JOHANNESBURG (Reuters) – The International Monetary Fund (IMF) said on Friday it has approved a disbursement of $309 million to help Mozambique meet urgent balance of payment and fiscal needs stemming from the coronavirus pandemic.
African nations including Mozambique have become heavily indebted in the past decade and are seeking support from the IMF, World Bank and European Union for wide-ranging debt relief.
Last Thursday Mozambique lowered its forecast for economic growth this year to 2.2% from a previous forecast of 4% because of the impact of the virus, which has infected 65 people.
Its budget showed the southern African country, which was struck by two devastating cyclones last year, expects to record a deficit of more than 10% of gross domestic product in 2020.
“Mozambique is expected to be significantly affected by the COVID-19 pandemic, dashing prospects of a nascent economic recovery following two powerful tropical cyclones that struck in 2019,” IMF Deputy Managing Director and Chair Tao Zhang said in a statement.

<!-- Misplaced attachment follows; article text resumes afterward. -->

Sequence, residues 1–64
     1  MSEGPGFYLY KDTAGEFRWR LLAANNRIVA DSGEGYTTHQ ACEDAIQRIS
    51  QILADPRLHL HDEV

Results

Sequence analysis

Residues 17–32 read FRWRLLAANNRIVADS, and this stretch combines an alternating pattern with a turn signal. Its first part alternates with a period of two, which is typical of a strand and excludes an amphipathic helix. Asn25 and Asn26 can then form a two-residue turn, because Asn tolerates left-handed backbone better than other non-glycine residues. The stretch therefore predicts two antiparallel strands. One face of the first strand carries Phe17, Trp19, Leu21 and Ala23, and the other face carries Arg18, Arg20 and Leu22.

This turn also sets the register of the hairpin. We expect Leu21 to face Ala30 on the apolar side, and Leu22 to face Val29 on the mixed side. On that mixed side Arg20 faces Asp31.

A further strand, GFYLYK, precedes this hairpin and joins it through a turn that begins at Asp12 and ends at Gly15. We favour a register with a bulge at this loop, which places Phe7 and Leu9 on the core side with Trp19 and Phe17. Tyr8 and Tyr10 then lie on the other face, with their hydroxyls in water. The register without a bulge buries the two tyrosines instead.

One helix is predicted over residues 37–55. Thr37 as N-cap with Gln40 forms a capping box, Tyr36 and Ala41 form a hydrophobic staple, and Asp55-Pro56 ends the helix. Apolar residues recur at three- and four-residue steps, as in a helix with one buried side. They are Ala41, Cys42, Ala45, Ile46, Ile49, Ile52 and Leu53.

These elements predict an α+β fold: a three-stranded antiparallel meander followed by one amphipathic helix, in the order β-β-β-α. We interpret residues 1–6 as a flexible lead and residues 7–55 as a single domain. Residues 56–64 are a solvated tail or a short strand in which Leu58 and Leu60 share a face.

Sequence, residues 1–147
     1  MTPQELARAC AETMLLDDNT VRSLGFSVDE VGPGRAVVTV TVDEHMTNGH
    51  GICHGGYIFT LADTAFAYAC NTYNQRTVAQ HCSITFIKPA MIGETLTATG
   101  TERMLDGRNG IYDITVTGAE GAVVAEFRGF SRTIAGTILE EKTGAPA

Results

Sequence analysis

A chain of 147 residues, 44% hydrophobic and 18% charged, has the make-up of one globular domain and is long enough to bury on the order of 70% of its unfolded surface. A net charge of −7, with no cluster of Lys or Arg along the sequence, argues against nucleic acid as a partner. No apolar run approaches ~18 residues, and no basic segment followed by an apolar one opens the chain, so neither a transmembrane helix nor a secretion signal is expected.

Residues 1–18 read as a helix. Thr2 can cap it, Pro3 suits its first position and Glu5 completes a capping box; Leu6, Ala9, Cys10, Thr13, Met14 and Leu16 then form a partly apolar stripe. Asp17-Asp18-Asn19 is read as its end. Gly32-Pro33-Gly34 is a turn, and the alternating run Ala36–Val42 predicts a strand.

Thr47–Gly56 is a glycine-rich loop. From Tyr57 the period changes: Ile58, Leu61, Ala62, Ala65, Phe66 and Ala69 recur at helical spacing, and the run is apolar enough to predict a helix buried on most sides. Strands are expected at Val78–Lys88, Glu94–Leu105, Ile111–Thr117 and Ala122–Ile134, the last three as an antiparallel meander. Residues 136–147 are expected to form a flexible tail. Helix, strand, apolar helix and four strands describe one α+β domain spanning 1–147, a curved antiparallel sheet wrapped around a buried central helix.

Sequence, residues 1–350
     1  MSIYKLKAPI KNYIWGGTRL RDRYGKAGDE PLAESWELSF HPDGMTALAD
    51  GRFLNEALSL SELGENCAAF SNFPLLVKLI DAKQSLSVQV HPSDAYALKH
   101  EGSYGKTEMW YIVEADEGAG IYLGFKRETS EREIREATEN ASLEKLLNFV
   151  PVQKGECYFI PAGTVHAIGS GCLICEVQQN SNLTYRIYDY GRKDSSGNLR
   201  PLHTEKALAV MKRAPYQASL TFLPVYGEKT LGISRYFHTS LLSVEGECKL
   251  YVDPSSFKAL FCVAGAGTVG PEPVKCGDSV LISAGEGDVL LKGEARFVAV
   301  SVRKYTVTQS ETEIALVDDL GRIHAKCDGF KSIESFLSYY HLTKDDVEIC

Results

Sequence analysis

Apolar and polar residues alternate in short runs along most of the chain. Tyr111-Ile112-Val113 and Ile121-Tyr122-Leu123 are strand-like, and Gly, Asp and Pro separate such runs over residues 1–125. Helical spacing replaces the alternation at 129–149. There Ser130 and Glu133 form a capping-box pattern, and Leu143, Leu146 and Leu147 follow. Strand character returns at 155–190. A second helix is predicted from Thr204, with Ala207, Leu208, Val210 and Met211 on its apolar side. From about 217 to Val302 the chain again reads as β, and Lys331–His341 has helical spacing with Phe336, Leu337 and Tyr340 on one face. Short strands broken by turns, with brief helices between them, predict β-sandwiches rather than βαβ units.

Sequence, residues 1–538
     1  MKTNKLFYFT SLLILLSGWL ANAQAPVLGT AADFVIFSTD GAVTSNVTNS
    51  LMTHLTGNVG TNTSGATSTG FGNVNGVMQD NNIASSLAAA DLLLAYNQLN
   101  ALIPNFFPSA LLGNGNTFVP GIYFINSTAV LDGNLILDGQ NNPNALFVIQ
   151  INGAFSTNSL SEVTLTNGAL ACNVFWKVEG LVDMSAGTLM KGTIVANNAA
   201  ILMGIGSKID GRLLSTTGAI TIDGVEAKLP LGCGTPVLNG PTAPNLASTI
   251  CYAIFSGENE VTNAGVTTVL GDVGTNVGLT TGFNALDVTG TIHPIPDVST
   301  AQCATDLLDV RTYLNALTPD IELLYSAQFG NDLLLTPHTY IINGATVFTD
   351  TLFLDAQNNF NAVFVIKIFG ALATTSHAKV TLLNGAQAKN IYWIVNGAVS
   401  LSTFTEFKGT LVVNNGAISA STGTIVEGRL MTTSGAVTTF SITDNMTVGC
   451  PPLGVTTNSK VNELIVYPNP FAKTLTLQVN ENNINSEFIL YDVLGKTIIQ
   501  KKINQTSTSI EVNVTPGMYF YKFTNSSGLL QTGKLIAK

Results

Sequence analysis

“Given Mozambique’s limited fiscal space and high public debt, additional external support, preferably in the form of grants and highly concessional loans, is also urgently required to meet the country’s elevated financing needs and ease the financial burden of the pandemic.”
The IMF’s emergency financial support is under the Rapid Credit Facility.
The Fund said significant disruptions are emerging in services, transport, agriculture, manufacturing and communications coupled with a much worse external environment affecting export-oriented sectors, such as mining.
To mitigate the impact of the pandemic and preserve macro-economic stability, the government has taken several steps to increase health spending, strengthen social protection to the most vulnerable and support micro-businesses and small and medium-sized enterprises, it added.
(Reporting by Nqobile Dludla; Editing by Sandra Maler and Daniel Wallis)